05 Nov

How To Go About a Home Loan If You’re Self-Employed


Property is a big investment. In fact, it’s one of the most significant that many people will undertake in their lifetime. Applying for a home loan is almost always a stressful experience – not the actual process, but rather the fear of not meeting the stringent criteria – but needn’t be if you’re organised and your paperwork is up-to-date, particularly if you’re self-employed.

Freelancers, contract workers, sole proprietors, and small business owners have no reason to believe – or accept – that they’ll never own a property. “Being organised and having your affairs in order is the first step, and already gives you a great advantage,” says Steven van Rooyen, Principal at Leapfrog Milnerton.

In order to qualify for a home loan, you need to demonstrate that you can comfortably afford the monthly bond repayments, which is easier if certain matters are clear.

Paper trail
There are a number of documents that need to be submitted with your home loan application. Taking the time to ensure they’re all accurate, up to date and in order can save you a lot of hassles – and potential heartache – further down the line.

Typically, the following documents will be requested by the financial institution whom you’re applying to:

  • A letter from your accountant confirming your personal monthly income
  • Financials covering your income and expenditure covering the last two years of working or trading
  • A 12-month cash-flow forecast
  • A list of assets and liabilities
  • Personal and business bank statements going back at least six months
  • Your latest IT34, which serves as confirmation from SARS that your taxes are in order
  • Company registration and/or statutory documents, if applicable
  • ID documents of fellow business directors, if applicable

Death and taxes
Nobody likes taxes but, as the old adage goes, they are as certain as death. Ensuring your tax returns and general affairs are in order can simplify a home loan application.  

“You’re going to have great difficulty having your home loan application granted if you have taxes, of whatever nature, outstanding. Seek the assistance of a tax consultant or professional accountant to help you with this if needs be,” Van Rooyen recommends.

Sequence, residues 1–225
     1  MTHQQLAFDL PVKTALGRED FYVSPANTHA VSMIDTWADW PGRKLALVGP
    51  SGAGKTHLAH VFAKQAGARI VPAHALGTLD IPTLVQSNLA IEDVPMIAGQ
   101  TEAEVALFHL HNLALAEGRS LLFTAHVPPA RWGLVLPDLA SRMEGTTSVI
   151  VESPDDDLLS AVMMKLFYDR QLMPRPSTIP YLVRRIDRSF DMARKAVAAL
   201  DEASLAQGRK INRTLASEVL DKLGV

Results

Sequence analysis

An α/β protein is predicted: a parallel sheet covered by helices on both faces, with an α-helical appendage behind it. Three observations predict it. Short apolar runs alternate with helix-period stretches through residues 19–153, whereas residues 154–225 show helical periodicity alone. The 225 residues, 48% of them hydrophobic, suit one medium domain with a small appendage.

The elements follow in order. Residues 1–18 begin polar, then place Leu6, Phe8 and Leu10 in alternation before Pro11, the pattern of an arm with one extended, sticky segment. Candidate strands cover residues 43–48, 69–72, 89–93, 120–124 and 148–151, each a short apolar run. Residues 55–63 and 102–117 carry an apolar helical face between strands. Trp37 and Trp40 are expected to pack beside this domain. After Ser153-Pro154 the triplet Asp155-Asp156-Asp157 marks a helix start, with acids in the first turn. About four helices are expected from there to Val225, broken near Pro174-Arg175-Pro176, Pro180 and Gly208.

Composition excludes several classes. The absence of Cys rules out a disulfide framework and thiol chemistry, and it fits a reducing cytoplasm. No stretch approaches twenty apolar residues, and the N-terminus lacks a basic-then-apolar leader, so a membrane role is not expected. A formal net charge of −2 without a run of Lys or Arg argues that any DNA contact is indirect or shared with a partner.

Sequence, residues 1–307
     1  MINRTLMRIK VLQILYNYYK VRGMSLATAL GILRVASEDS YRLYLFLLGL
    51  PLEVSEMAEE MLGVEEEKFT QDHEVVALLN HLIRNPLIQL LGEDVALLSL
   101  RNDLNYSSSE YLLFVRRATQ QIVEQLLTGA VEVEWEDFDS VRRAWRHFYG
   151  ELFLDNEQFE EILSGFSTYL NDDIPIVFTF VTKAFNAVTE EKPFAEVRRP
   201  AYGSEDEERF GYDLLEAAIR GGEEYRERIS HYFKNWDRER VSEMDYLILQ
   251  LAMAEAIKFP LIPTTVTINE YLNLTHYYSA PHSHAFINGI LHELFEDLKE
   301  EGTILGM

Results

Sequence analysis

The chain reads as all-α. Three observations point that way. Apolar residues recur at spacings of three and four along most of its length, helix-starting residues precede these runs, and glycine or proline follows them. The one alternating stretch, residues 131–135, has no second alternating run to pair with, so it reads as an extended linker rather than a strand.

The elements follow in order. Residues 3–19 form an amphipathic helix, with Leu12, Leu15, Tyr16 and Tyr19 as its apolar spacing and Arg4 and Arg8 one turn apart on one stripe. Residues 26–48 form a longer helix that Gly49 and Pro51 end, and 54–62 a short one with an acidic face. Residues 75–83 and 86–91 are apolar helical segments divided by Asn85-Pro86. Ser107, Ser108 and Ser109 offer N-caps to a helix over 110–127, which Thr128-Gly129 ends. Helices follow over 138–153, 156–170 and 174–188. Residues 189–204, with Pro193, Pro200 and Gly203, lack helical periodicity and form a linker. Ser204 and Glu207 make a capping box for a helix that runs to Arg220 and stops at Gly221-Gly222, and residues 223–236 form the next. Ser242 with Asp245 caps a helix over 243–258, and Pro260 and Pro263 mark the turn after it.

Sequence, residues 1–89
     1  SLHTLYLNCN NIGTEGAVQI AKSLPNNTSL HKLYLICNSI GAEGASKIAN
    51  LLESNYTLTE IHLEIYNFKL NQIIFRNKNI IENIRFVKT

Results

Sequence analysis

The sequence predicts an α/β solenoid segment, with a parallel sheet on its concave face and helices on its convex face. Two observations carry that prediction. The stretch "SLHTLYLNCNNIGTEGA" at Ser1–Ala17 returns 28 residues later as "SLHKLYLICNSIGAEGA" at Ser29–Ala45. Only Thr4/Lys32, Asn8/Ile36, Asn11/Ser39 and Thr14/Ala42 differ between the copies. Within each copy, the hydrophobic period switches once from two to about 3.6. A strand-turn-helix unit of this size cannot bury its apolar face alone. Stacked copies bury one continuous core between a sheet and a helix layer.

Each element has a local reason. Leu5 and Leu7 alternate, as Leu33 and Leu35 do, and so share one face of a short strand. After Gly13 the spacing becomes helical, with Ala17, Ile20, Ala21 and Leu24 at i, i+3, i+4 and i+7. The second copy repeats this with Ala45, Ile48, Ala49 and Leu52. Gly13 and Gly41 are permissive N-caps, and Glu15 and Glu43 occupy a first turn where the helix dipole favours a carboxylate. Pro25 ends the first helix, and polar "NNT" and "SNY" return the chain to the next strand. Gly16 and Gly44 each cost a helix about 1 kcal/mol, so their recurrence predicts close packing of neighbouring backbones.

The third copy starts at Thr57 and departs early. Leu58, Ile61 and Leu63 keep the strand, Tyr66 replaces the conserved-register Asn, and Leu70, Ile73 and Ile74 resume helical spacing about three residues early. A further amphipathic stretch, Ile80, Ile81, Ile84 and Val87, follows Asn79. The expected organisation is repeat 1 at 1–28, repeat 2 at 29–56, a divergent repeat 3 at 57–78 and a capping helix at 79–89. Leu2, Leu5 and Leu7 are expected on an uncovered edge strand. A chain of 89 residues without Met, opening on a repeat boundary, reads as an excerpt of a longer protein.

Tax evasion or avoidance will catch up with you at some point, so best to pay the penalties and clear your record and restore your creditworthiness as soon as possible anyway.

To your credit
“A clear credit record is one of the main building blocks of sound personal financial management, and one of the first things that will be scrutinised when you apply for a home loan,” Van Rooyen explains.

Bad credit, which typically results from defaulting on payments and loans, filing bankruptcy and unpaid judgments, decreases your chances of having your credit application approved.

Consider running your own credit check before you even apply for a home loan. All South Africans are granted one free credit check a year so it is advisable to that before putting the application process into motion.

If you do have an unfavourable credit record don’t despair because it is possible to restore your record, though its best to seek expert advice on how to do this in the most efficient way.

In order to qualify for big credit, it is sometimes, ironically, useful to have small credit. For this you could open a store account and use it a couple of times, but make sure you pay it off in full and on time.

Dig deep for a deposit
Having a deposit to put towards your bond can be of great help in securing a loan. Showing that you have substantial savings demonstrates that you’re financially responsible and thus likely to honour the bond repayments on a monthly basis.

“Saving for a deposit isn’t always easy but it certainly helps to be clear about the goal amount, and the difference this will make to your application,” Van Rooyen elaborates.

Personal vs professional
This is always a good idea and not just when it comes to getting your paperwork in order, but applies to personal financial management in general: Keep your personal and professional finances and admin separate.

Tax law does allow for certain personal expenses that result from running a business to be claimed as such, rather than as part of a taxable salary, but this could appear as inflating your income, which could count against you.

Don’t go it alone
“Credit, finance, and admin, in general, can be tricky business, so rather than struggle on along, recruit the help of the experts – be it a tax consultant, accountant or trusted property advisor,” Van Rooyen emphasises.

It is also highly advisable to use the services of a mortgage originator as this increases your chances of success. These consultants assist with the home loan application process and are well versed in the administrative intricacies. They will forward your application to various financial institutions to help secure the best deal.

Property can be a great investment but never one that should be entered into lightly. Make sure you understand the ins and outs of the investment before signing on the dotted line.


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